Supporters claim that it will replace air travel with more environmentally friendly rail, and that the reduced journey times will benefit Manchester and the North. However...
The economic case for HS2 depends on a massive expansion in air and road travel, and the forecast is that it will only achieve an 6% shift from air and 8% from cars; it also assumes that time travelling is automatically time wasted and that a third of passengers will be on incomes of £70,000 or more. Furthermore it is likely that by encouraging a culture of high-speed travel, air travel levels will increase between other cities, as has been the case in Germany.
'It will bring jobs' is the cry, but the extension to Manchester is not expected to be in place until around 2032, following a cost of £34 billion, and a Manchester to London journey time of only 45 minutes less than today. We need appropriate investment in Manchester and the North West now. And the extent to which the present Government cares about jobs in this country can be seen in today's news about the Bombardier plant in Derby .
On the environmental front, one argument is that as the trains will run on electricity this can be 'decarbonised'; a fair point, but the faster a train goes the more energy it requires (in common with transport generally). I am a big fan of renewables and I believe they can meet our energy needs but not if those 'needs' expand continually. Slower trains would be 'greener' but don't fit the economic case being presented. There is also the environmental cost of building the line.
North-South divide? - If anything the line will reinforce the role of London as the capital. The DfT say that more than 7 out of 10 of the jobs created by HS2 around stations will be in London (Clarified by e-mail of 2 March 2011, between Phil Graham, Deputy Director HSR, DfT, and Hilary Wharf, HS2AA). Various Academics, such as Professor Mackie (ITS Leeds) and Professor Overman (LSE) have stated the line will make little if any difference to the north south divide.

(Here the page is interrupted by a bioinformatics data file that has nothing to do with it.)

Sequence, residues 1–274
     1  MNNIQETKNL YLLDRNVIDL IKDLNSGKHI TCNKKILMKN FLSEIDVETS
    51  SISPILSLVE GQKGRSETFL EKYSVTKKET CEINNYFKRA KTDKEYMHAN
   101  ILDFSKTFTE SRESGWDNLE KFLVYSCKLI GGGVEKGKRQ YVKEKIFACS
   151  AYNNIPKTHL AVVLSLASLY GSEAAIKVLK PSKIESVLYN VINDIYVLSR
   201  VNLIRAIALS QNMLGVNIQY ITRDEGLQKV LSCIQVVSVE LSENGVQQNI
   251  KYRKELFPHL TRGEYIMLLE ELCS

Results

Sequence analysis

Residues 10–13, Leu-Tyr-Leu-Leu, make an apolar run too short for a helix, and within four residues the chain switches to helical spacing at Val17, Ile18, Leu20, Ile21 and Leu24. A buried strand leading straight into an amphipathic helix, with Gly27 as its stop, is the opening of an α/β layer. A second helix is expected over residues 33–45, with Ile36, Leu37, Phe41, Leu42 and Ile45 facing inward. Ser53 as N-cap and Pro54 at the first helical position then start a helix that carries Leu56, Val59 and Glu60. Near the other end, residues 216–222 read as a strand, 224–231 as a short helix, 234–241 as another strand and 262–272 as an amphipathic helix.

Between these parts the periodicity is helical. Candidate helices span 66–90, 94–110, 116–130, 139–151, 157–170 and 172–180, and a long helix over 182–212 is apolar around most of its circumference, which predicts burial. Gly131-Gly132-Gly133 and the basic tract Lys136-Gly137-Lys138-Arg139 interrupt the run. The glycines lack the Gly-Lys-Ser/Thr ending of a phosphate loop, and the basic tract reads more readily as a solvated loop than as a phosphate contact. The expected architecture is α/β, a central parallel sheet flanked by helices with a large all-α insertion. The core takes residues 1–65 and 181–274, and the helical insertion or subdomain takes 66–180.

With regard to capacity, I can appreciate this is a concern, but there are various ways of tackling at. For a start on a typical Manchester to London train there are several underutilised carriages - namely the First Class ones. Various options for improving capacity have been put forward by the HS2 Action Alliance who have a number of other similar briefing papers.
Even if all of these are felt to be insufficient, and additional rail lines are deemed essential, then the argument that they reduce road capacity should be invoked, and the lines should replace part of the existing motorway space between the cities.
We need significant investment in our rail network. The top priority should be the electrification of intra- and inter-regional connections, particularly in the North, e.g. between Liverpool and Newcastle, and in the suburban lines of the major conurbations. We should also be looking at re-opening some lines, as is happening increasingly in Scotland. However the huge cost of HS2 is likely to deprive other parts of the country of the investment needed.
A direct link from the west coast line to the continent is also needed; it's now included in the HS2 plans but could and should be put in place much earlier to facilitate train links to the rest of Europe.
As it stands the economic case for HS2 is already dependent on a level of transport growth which is at odds with a sustainable society, and is likely to be delivered at a price which is at odds with with an equitable society. Certainly in its present form it is neither Green nor Good for Manchester.
Consultation on the London - Birmingham phase is underway; see here, you have only 24 days left to have your say.